CBS Scares Voters: Midterms Could Be Marred by Far-Right ‘Violence’

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The Election Day edition of CBS Mornings did their best Tuesday to suppress the vote and scare viewers into believing that the 2022 midterms are different than previous elections and could be less than fair because of “the prospect of potential violence hanging out there” from “domestic violent extremists.” In other words, they suggested a vote for Republicans translates to backing violent conspiracy theorists. 

A few minutes after co-host and Democratic donor Gayle King and co-host Nate Burleson complained voters aren’t as concerned about the supposed end of our democracy as they’re supposed to be and “not even in the top ten,” Face the Nation anchor Margaret Brennan warned that vote counting may take a while, but insisted there was nothing to see and we should move along:

We are — and that’s why I think we, in our jobs, need to be so clear that it is not a flaw. It is designed in the system. This is going to take time. We’re not going to have absolutely clear views on some of these closely fought states. And in some places, we might have run of the mill stuff like recounts and re-examination of ballots. That is entirely different than completely sowing doubt in a way that makes people say, you know, it’s not even worth me voting.

There is a big difference between officials taking a long time to count ballots and a result that is unknown because it heads to a recount. You don’t need to be a conspiracy theorist to demand competency and efficiency from states in the vote counting process.

After Brennan noted “if you stay at home, you leave that space to be filled by the loudest, most extreme voices,” she added that “we have seen that highlighted, that direct line — and I know [chief national affairs and justice correspondent] Jeff [Pegues] knows this, between domestic violent extremists and those who are denying the results of the last election.”

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Pegues replied by warning:

You know, and it’s so odd to be saying that in this democracy. We’ve all covered enough elections, but this one is different. And it’s not a presidential election, but it’s a midterm election with the prospect of potential violence hanging out there. And you have law enforcement — they’re on pins and needles. They say they’re ready. They’re monitoring social media. They’re looking out for potential domestic violent extremists, the kind of people who sort of look for an excuse to — to lash out, to cause problems. And so, they’re paying attention to that. But just the fact that we’re talking about this on an Election Day in this democracy post-January 6th, you have to because of what happened that day.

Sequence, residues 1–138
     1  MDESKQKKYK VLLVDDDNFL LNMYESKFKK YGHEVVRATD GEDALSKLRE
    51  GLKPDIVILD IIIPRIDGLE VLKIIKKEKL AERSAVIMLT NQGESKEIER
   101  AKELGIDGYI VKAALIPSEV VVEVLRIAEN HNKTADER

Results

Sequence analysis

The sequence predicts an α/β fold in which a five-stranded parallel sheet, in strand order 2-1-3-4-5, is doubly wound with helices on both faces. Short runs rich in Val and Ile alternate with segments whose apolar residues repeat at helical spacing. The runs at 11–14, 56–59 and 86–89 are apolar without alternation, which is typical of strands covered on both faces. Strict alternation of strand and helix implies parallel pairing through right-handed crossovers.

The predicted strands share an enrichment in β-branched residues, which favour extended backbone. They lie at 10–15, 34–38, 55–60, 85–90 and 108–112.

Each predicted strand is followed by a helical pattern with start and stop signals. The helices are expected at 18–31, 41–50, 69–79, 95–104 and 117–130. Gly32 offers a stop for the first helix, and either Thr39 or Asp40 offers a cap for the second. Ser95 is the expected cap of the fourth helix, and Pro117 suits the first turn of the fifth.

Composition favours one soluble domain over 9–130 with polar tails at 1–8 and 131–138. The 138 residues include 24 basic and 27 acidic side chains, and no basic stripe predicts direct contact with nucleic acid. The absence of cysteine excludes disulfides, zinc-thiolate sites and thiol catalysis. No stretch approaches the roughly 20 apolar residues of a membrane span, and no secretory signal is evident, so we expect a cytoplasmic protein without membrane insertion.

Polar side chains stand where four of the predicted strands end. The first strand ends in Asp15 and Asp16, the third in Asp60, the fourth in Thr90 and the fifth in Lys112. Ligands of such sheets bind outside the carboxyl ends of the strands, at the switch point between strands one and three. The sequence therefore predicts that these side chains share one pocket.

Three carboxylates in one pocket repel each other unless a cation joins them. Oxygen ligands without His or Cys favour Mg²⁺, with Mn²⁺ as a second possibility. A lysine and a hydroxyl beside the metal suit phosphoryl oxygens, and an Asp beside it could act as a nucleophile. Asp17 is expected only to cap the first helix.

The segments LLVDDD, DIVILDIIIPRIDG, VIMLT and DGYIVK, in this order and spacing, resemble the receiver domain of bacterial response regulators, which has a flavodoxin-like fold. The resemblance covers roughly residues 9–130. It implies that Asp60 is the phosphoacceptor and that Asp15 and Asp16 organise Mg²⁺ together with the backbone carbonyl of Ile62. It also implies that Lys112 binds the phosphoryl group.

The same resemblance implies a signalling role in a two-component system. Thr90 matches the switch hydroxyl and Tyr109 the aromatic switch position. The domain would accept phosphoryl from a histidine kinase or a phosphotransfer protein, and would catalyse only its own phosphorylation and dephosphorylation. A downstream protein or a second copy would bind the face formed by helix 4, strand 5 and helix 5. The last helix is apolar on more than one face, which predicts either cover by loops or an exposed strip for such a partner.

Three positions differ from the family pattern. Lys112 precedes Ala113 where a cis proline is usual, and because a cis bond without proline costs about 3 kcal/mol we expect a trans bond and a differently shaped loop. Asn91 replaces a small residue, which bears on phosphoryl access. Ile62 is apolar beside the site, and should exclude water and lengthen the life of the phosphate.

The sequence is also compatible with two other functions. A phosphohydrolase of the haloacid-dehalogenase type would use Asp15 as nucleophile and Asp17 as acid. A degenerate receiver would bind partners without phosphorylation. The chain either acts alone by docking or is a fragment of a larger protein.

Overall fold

Of course, violence at the polls would be a grave crime, but no network has done more to inflate the threat and scare voters than CBS.

King had even more fear-mongering to peddle, “Yeah and what do you say to voters that are nervous about going to the polls? We’ve seen pictures of people at polling places looking very menacing, some of them armed.”

Voter intimidation is never acceptable, but it would be nice if CBS was consistent on that.

Later, King turned to the international ramifications, “The world is watching, Margaret. What — how are we being perceived by our allies?”

Brennan absurdly responded by recalling that, “I was speaking to a western European diplomat who said to me, she grew up looking at the United States as a bastion of democracy, and she was sad that she doesn’t feel she can because these divisions are exploited by our adversaries, and really it hurts America’s ability to project power.”

America has been divided politically since the beginning of the Republic, that’s why we have elections, but only when Republicans are poised to win is it said that would affect our power projection.

This segment was sponsored by Comcast. Their contact information is linked.

Here is a transcript for the November 8 show:

CBS Mornings
11/08/22
8:30:25 a.m.

[ON-SCREEN HEADLINE: America Decides Campaign ‘22; Voters Cast Their Ballots; Our Panel Looks at the State of Our Democracy & Security Threats]

GAYLE KING: As Americans cast their votes on this Election Day, we’re looking at two big issues: the state of our democracy and election security. Now, the White House said yesterday there were no credible threats to security, but U.S. law enforcement has warned about domestic violent extremists. There’s also some concern about candidates refusing to accept the results. [INTRODUCES PANEL] We welcome you all to the table. Earlier in the show we had CBS News battleground tracker. Bob, I’m starting with you. Top of the list, economy, inflation, crime, followed by election issues, guns, and immigration. The point is the state of the democracy is not in that list, not even in the top ten. What does that say to you about what voters are saying or thinking about the issue? Because Democrats have hit it very hard.

ROBERT COSTA: Well, polls show the economy and other issues are certainly at the top of mind for many voters. Gayle, I really believe, based on my travels and reporting in recent months, that voters do care about democracy, but not in the way Washington understands it. When I’m on Capitol Hill and people talk about democracy, that word usually is a shorthand reference to the Capitol attack on January 6th. But when I’ve been out in the south, in Pennsylvania, in Ohio, in the southwest, when I talk about democracy, it doesn’t just mean talking about January 6th. It means talking about redistricting —